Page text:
A lot of people ask me where I get my ideas for books. While some are the sort that come to me as I sit and stew and try to think of a story, my favorites all come from dreams.
There’s something weird about the unconscious mind, those completely unfettered thoughts and notions that can have such an impact they even change our lives. My husband and I have often discussed our dreams, and while I have dreams where I’m another person (A character in a story or some such) all the time, he never does. A lot of times, dreaming a story means I take the role of one of the characters, or else I serve as some kind of omniscient spectator
And then there’s ones like Rune’s dream.
I couldn’t tell you what brought it on or how it translated into the story that came from it, but my dreams were where he was created.
It started off as a dream mimicking reality, me sitting in my room at my old DOS-based Packard Bell computer. I had been trying to come up with a story for weeks in waking life, and I guess that frustration carried over, because that’s what I was doing in the dream – Sitting at the computer, staring at the blinking cursor, trying to think of what I could write.
Then I smelled something delicious. I was a teenager then, living with my family in an old farmhouse. In absence of actual ductwork, most of the rooms upstairs had vents to the floor below. The room I shared with my sister was over the kitchen, so we were often treated to the tantalizing smells of dinner long before it was done. It smelled great, but I didn’t know what she was cooking, so I got up from my chair and went downstairs to see.
That’s when I saw him.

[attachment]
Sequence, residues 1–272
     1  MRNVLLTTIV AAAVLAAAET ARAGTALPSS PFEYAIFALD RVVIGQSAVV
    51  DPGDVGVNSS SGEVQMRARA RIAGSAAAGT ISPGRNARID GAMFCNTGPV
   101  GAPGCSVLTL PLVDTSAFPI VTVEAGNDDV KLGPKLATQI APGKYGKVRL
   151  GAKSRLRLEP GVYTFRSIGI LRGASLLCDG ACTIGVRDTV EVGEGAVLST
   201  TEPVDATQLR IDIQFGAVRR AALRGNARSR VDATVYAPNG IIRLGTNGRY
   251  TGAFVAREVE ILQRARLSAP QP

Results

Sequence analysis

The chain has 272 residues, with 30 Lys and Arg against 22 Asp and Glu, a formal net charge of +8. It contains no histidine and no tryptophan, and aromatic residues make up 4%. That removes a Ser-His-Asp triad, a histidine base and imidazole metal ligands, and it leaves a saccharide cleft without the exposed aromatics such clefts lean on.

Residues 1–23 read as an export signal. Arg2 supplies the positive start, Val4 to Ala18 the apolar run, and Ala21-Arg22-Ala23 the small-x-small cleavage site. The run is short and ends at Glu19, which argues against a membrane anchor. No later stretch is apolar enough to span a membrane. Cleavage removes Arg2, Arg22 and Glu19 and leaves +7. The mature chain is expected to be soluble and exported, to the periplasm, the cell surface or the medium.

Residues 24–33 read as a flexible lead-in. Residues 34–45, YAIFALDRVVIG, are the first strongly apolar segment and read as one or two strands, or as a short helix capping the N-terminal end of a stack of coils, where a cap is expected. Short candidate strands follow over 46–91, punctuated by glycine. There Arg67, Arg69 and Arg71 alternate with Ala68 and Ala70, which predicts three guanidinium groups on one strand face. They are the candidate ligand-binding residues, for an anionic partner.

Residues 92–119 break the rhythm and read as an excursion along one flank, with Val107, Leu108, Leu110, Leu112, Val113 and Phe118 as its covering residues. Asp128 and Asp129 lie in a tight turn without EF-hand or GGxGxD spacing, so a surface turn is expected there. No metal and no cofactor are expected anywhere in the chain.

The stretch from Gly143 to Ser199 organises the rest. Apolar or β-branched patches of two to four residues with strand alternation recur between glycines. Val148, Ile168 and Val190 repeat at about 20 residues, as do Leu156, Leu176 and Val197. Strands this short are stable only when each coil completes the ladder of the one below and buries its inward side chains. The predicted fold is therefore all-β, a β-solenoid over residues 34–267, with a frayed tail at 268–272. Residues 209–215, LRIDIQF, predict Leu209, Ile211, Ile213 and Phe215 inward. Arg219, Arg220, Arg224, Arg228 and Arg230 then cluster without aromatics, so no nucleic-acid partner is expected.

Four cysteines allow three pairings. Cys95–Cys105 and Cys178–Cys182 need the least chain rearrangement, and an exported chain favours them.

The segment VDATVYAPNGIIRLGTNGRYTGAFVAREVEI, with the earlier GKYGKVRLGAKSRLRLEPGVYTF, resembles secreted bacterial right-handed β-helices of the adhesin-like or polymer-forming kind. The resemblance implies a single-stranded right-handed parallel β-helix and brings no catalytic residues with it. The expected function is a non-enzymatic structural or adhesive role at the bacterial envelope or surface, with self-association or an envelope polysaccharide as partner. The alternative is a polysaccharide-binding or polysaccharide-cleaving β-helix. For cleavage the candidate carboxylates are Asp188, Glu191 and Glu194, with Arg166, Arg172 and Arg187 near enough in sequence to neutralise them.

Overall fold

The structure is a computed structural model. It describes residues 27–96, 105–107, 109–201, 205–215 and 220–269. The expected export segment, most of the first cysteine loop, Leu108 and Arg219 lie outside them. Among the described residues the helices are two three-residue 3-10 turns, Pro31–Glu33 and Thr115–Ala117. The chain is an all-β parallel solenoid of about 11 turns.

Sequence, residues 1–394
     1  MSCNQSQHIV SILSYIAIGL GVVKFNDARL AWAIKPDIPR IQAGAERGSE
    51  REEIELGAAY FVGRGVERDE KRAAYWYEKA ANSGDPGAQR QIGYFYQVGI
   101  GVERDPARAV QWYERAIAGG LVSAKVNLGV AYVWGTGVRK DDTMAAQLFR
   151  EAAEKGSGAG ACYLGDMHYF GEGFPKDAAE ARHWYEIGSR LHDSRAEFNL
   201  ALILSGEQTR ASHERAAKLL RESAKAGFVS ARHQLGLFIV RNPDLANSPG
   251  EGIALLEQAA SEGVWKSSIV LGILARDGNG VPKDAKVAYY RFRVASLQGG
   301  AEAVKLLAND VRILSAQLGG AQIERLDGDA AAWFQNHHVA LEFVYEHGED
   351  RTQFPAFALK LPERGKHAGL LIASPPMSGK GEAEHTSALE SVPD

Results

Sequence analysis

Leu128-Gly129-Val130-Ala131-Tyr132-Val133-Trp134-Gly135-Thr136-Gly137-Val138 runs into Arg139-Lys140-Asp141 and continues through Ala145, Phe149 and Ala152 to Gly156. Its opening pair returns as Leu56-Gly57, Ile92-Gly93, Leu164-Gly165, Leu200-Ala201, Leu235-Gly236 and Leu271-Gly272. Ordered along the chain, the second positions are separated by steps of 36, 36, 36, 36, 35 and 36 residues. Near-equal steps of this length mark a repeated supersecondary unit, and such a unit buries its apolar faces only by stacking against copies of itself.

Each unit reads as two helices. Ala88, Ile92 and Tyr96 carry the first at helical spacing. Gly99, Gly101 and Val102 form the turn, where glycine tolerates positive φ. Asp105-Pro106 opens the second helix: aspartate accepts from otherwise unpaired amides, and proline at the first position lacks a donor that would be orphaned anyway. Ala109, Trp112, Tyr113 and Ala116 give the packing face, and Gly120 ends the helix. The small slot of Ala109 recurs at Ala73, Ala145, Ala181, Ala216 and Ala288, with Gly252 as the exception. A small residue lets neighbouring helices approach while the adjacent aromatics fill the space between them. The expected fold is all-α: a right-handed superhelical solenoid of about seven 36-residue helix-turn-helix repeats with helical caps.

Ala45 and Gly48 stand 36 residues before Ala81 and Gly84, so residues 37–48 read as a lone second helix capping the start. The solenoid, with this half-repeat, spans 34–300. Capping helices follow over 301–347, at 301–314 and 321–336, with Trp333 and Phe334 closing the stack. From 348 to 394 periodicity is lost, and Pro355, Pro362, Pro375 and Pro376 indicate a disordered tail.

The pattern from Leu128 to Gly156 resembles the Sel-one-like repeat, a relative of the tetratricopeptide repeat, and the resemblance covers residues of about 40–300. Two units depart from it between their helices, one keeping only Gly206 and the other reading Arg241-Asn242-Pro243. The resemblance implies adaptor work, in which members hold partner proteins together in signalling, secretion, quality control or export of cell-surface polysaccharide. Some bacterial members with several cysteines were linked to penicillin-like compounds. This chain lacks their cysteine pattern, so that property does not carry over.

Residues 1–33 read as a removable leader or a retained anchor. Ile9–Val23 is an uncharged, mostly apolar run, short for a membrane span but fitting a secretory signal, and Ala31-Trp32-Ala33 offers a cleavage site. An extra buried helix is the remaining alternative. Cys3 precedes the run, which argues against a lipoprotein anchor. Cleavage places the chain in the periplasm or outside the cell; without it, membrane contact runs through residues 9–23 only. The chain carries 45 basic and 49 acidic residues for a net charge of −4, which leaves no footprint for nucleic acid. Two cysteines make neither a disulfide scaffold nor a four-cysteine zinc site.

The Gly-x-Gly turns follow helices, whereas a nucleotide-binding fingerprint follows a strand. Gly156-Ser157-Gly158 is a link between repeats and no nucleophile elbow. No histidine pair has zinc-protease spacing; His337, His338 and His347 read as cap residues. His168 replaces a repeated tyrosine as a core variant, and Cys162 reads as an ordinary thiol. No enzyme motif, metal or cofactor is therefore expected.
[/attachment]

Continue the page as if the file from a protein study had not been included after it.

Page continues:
Standing right next to the stove, watching my mother fry chicken like it was nothing out of the ordinary. Like he was nothing out of the ordinary.
If you’re not familiar with Rune by now, let me offer an old drawing from several years ago that I never finished:
Needless to say, I was confused, so I posed the only logical question: “Who are you?”
He looked at me, looked around, and said, “I’m just here for the chicken.”
As much as I’d like to talk about how then he took dream-me off into grand adventures in the fantasy world that would end up consuming the rest of my life as a writer, that’s where the dream ended. Right there, nothing else.
Just here for the chicken.
So how did that turn into the inspiration for a 180,000-word fantasy epic and two subsequent, equally-long novels that aren’t finished yet?
Beats me. I have no idea. But when I woke up, the whole story was already fully-formed in my head.
So that’s become a bit of a joke between me and a lot of friends.
Sometimes characters and stories evolve as you seek them, and sometimes, they’re just there for the chicken.